I encourage anyone involved in assisting people purchasing property using SMSF loans to put pressure on the banks to make them put pressure on their lawyers regarding these costs – if the banks want the business they will need to move. I know it is unlikely that it will make an immediate difference – the banks have too much power – but I am feeling unreasonable, and as George Bernard Shaw said:
"The reasonable man adapts himself to the world: the unreasonable one persists in trying to adapt the world to himself. Therefore all progress depends on the unreasonable man."
And I want some progress!
It is always good advice to shop around when looking for a loan provider – and SMSF limited recourse loans are no exception. I have a comparison of current SMSF loan providers here.
I would be interested to hear Number 8's feedback through the process and whether he comes up against any hurdles / issues. Feel free to share mate!
On a related topic, there is a company up in Brisbane which have a total upfront cost of $1500 inc GST to set up and process a SMSF limited recourse loan. The amount includes all bank legal fees, but doesn't include any advice by an accountant / SMSF specialist (including SMSF set up) or the banks loan establishment / application fees.
They use St George and have managed to negotiate a better deal for their clients. They have a couple of noticeable differences to a typical SMSF limited recourse loan (instalment warrant) structure however:
- They have their own special purposes trustee – which holds the title as trustee of your custodian trust for the benefit of your SMSF
- They inter-twine their trustee into the loan / title – meaning if you want to refinance down the track you will basically need to set the whole thing up from scratch – which will be challenging even if possible
- They charge an ongoing % fee on the value of the underlying property
- They handle some of the administration as their trustee company is on the title and also look after any changes if required to ensure the structure stays compliant with any future change to the SIS provisions surrounding limited recourse borrowings
Overall this type of structure has some good points, but it also has some drawbacks – it is up to each individual investor and their advisers to determine whether it is right for them.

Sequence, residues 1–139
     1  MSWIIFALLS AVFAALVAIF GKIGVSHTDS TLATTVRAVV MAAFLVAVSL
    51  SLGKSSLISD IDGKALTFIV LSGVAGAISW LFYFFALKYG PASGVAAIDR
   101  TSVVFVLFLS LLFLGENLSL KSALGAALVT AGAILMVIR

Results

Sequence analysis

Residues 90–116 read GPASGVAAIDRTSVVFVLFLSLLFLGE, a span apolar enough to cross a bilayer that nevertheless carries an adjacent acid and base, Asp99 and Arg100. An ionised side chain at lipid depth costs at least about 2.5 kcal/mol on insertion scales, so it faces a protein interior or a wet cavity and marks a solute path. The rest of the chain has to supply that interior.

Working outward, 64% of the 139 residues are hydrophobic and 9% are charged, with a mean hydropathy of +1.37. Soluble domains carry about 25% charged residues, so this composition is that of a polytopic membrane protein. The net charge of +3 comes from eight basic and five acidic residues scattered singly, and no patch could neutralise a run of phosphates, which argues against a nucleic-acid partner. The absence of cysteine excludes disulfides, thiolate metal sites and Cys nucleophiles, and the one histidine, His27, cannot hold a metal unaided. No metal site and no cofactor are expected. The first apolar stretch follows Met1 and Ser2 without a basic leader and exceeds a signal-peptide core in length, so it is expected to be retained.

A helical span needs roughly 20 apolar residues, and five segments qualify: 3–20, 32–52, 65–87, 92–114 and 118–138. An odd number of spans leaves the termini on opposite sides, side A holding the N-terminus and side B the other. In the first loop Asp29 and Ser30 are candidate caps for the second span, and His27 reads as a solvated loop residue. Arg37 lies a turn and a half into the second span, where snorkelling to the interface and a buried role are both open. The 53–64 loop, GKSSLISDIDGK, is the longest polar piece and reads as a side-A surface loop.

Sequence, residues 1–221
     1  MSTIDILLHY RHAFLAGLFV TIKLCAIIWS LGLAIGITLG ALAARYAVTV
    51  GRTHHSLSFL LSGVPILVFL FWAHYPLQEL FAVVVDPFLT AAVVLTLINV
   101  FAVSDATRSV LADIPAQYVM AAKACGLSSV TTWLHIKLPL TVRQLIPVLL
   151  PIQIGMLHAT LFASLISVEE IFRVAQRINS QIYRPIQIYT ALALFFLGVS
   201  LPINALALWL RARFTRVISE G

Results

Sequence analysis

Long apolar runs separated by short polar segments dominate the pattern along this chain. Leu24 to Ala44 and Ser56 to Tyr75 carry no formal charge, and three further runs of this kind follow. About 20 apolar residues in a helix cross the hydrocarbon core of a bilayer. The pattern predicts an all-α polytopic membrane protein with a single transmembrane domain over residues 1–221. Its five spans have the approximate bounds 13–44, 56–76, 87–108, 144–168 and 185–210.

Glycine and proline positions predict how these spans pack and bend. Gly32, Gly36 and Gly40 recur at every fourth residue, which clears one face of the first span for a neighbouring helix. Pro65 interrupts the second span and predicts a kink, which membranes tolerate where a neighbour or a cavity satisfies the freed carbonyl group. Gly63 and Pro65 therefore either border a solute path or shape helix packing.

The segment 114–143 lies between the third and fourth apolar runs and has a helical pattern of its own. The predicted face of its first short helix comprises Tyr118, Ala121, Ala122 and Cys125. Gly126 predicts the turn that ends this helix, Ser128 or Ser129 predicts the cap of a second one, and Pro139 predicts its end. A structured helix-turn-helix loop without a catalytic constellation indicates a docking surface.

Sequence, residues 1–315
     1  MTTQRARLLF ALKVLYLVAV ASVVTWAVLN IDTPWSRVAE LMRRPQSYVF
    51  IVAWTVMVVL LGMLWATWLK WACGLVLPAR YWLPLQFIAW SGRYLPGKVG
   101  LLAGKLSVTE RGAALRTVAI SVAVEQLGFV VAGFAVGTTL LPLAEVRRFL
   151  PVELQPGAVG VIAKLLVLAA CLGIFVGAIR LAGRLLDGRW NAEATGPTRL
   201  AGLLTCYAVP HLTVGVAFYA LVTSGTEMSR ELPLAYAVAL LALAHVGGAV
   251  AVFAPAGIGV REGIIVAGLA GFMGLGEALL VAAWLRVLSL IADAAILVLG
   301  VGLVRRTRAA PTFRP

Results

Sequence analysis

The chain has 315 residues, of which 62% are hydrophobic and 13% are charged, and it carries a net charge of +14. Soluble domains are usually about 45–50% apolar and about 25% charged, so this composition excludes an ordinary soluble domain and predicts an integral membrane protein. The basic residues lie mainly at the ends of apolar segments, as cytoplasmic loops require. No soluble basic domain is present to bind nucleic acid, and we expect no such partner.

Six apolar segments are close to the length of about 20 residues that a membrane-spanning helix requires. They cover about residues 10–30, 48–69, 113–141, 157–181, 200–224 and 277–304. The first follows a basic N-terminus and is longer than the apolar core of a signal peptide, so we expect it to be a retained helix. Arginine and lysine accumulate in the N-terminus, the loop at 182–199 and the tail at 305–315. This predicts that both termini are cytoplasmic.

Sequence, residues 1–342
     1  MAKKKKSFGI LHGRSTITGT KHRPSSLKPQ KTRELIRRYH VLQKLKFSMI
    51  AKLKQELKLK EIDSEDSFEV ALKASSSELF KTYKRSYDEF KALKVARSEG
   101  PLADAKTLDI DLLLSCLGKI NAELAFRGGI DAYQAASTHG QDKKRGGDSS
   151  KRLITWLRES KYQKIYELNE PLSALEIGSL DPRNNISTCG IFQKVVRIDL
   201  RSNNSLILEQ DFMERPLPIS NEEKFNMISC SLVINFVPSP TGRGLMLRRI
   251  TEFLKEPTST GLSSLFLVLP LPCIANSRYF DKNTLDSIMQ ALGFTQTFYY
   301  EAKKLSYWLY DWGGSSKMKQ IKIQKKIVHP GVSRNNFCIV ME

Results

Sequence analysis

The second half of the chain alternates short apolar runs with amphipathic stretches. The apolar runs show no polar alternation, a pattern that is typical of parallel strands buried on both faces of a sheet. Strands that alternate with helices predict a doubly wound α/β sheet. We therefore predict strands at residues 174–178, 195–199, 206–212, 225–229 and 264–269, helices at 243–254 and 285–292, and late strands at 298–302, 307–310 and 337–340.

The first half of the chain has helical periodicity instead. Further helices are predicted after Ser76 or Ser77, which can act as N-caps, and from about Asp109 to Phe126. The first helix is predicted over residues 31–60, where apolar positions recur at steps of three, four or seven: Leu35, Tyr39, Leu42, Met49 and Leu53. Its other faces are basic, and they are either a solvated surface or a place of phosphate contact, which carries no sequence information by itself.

I was reading some old posts of mine on another forum – and I was predicting that purchasing property using your SMSF with borrowings would become more commonplace, and that once mortgage brokers, real estate agents and anyone else with a vested interest in property and loans got their heads around how it works we would see it become more mainstream.
I think I can safely say I was right!
Once again if anyone else has any questions about buying property with your super please throw them out there!Sick of SpruikersMember@Sick-of-SpruikersPost count: 4
Good afternoon Kalkat,
With regards to Super two of the major banks NAB and Westpac have put together sound policies and products in this area. If you are serious about a long term future in property investing the banks will treat you more seriously if you build a relationship with them direct rather than thru a broker (Capital 360 get a kick back from referring you to whatever broker they have put you in touch with). But remember that like any business bank's are made up of people – some know their stuff and some don't – hence I recommend not committing to any particular lender until you have found the right person within the bank who in your case if not a superannuation specialist themselves can put you in touch with someone who is. In the first instance here I would recommend ringing a Business Banker from NAB & Westpac whose portfolio consists of clients with facilities with the bank of between $1m – $5m+ (you won't find them in the branch, we've been promised the world by 'in branch business bankers' who, with your growing property portfolio will be out of their depth and waste your time).